I wish the protesters well. During the GFC (Global Financial Crisis) of 1988,  the US government used its taxpayers' money to bail out the banks, with very little of the US$800bil directly benefiting the man in the street. As the crisis in Europe unfolds today, it is again clear that governments all over Europe are more concerned about keeping the banks safe than letting the banks pay for their years of recklessness and greed.

In Australia, the four major banks are now saying they are going to retrench workers, in spite of the fact that they are forecasted to have profit increases of between 10% to 21% in 2011. Here is what the news report* says: "Australia's major banks are under pressure to cut jobs in response to flagging demand for credit despite being on track to deliver a record combined annual profit of more than $23 billion. Three of the big four lenders - ANZ, Westpac and National Australia Bank - will release their results in the coming weeks, and analysts warn they may unveil cost-cutting plans." It is all greed, greed, and more greed. If the banks are not retrenching staff, they are always looking for ways to increase charges to their customers. Where is the line drawn, I wonder?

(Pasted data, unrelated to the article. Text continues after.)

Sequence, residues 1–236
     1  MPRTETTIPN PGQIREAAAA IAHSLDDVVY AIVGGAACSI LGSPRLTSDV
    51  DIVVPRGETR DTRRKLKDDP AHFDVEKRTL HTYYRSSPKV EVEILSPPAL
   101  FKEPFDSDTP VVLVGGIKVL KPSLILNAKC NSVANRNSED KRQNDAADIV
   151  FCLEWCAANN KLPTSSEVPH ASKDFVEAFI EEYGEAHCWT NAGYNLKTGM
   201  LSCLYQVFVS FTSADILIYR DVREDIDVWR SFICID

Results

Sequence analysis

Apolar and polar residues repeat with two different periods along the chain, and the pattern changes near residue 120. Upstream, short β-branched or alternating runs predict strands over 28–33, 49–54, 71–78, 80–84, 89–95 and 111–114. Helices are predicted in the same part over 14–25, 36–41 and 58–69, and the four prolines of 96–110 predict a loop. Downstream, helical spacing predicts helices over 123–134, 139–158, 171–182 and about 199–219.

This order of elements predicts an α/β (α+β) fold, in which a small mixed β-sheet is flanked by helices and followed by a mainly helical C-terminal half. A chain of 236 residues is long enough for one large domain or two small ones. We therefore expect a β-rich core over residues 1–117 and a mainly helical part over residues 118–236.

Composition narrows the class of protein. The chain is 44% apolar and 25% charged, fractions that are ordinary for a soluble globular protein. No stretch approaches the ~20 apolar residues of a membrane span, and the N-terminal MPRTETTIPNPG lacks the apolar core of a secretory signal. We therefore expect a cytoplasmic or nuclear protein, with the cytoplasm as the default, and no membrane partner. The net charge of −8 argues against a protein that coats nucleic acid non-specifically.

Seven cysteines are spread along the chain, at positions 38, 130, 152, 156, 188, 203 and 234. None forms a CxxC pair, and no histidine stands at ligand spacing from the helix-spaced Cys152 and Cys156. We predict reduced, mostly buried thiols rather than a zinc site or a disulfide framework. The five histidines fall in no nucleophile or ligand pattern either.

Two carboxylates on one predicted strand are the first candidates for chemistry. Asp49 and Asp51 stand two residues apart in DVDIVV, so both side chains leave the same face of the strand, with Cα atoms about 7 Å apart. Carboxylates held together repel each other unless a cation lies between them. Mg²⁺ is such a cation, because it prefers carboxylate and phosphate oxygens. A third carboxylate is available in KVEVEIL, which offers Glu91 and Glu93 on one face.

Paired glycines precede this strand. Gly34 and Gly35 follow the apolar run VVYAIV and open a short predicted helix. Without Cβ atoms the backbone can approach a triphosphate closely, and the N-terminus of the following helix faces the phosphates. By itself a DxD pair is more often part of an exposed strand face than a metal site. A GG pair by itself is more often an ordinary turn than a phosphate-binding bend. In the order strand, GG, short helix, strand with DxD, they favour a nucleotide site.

*see Herald Sun Oct 16th, 2011:

Tuesday, October 11, 2011

The money illusion

Money has no absolute value. The value it carries is relative to the area in which it is used. It may not be a geographical area, but rather, it is the area where money is competing between its owners for similar goods (kind of like supply-and-demand situation). For example, in a city the value of money is much lower than what it is in the rural area when it comes to competing for real estate. Yet the same currency will have the same value in both places when it comes to buying a car or a TV set, because the same item could be moved across the country to even out the demands.

Here is the money illusion. People with little fixed assets other than their homes (which means >90% of the population) generally measure their wealth by how much savings they have in the bank account. With the cost of utilities having risen by at least 30% over the last five years, people have been "robbed" right from under their nose without so much as a whimper. Indeed, experience has shown that when a country undergoes hyperinflation, the purchasing power of money can devalue to just a fraction of what it used to be. Inflation and hyperinflation differ only as a matter of degree. Money should be tuned into a fixed asset as soon as one can afford to put it aside, not as a fixed deposit or a big fat bank account.